Faith and Philosophy 27 (2):212-218 (2010)

Bruce Reichenbach
Augsburg College
I review two contrasting books. Whereas Hasker constructs what he takes to be a successful theodicy, invoking an eschatology where there will be a world of fulfilled human lives engulfed in intimacy with God, Keller undertakes a critique not only of the free-will/soul-making theodicy, but of a more broadly conceived problem of evil, including issues of divine hiddenness and miracles.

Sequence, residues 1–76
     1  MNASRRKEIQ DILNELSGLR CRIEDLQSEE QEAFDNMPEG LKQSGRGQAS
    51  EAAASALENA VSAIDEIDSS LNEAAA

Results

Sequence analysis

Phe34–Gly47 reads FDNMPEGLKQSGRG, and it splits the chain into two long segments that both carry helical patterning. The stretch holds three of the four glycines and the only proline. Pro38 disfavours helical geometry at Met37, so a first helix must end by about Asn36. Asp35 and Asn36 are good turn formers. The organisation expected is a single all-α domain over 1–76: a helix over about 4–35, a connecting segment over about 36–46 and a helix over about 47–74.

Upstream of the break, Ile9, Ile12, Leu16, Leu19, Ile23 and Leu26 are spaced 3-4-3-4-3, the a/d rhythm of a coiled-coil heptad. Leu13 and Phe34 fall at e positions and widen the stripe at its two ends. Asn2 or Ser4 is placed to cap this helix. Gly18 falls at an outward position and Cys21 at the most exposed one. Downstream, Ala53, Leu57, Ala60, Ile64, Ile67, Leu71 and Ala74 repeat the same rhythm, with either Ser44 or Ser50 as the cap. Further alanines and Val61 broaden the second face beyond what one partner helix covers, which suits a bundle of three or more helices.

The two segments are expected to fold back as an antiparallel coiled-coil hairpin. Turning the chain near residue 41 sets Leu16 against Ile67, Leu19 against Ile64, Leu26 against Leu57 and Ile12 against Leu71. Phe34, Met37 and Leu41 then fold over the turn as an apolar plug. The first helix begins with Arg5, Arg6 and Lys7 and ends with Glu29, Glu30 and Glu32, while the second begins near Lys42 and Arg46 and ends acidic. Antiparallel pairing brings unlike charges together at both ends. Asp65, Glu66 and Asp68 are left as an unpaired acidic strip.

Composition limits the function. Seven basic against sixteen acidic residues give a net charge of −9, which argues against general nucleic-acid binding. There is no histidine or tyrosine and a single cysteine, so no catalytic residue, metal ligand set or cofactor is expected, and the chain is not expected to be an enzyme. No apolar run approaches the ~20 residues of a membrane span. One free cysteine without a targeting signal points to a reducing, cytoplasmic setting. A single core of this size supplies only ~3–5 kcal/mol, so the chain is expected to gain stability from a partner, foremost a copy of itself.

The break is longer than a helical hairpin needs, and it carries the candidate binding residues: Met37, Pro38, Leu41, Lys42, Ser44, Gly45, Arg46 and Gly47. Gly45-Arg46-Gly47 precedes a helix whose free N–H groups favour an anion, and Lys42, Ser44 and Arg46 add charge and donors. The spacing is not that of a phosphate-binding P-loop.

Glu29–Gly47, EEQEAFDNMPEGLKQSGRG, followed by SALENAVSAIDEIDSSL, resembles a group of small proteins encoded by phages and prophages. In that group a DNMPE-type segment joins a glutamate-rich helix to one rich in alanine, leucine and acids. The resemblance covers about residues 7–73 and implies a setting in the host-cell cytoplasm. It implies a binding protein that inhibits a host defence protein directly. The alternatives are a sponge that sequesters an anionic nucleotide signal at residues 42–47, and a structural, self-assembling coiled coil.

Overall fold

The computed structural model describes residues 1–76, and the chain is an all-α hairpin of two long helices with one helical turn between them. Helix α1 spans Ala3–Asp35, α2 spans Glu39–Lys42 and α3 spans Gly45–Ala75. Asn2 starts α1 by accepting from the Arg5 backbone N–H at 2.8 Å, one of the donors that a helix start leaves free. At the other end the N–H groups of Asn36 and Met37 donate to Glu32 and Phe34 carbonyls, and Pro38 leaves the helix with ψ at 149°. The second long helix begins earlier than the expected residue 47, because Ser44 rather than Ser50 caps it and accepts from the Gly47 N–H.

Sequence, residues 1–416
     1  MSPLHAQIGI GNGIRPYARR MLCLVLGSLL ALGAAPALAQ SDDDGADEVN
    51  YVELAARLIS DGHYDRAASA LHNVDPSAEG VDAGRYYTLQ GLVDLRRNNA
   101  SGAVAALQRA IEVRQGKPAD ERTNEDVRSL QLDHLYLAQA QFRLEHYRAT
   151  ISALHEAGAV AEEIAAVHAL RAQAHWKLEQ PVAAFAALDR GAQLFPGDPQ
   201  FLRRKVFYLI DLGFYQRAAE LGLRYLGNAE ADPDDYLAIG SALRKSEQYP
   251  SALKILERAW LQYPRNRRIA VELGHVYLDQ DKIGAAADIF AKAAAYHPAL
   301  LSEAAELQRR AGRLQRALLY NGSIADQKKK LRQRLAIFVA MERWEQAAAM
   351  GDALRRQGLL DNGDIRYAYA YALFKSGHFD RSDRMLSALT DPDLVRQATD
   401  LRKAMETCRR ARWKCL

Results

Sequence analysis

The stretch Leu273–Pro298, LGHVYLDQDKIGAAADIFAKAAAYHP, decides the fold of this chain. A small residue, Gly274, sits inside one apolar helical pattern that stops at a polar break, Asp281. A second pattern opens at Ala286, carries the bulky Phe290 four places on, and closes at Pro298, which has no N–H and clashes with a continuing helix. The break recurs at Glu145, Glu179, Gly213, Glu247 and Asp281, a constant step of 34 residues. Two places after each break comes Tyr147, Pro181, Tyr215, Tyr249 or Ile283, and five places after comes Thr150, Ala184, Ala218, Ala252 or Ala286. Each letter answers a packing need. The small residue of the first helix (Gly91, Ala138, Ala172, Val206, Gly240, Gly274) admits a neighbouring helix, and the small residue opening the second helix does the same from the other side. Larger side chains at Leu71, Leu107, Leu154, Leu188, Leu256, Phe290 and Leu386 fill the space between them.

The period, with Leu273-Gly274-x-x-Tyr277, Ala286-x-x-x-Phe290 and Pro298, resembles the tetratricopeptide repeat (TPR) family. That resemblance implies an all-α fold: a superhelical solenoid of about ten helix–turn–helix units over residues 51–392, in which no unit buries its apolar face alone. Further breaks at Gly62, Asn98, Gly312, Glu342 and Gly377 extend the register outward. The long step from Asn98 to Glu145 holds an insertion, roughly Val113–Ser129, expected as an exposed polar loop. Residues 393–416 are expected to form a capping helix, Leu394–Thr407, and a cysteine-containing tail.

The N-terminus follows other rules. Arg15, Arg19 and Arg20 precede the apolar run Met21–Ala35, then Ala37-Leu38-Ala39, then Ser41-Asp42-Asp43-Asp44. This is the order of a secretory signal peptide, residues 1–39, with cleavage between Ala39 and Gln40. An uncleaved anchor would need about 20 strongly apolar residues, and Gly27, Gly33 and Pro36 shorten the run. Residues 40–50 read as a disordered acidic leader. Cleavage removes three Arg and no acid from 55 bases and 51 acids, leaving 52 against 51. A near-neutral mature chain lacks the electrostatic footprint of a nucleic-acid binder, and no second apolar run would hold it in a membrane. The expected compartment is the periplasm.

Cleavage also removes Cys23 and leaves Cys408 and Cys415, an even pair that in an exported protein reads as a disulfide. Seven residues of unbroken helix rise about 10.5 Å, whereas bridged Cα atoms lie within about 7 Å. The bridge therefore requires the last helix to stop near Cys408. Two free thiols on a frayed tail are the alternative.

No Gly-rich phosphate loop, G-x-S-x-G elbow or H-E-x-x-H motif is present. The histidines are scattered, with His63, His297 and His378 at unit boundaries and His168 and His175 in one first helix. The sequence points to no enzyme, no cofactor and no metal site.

Keywords Contemporary Philosophy  Philosophy and Religion
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ISBN(s) 0739-7046
DOI faithphil201027220
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God and Gratuitous Evil (Part II).Klaas J. Kraay - 2016 - Philosophy Compass 11 (12):913-922.

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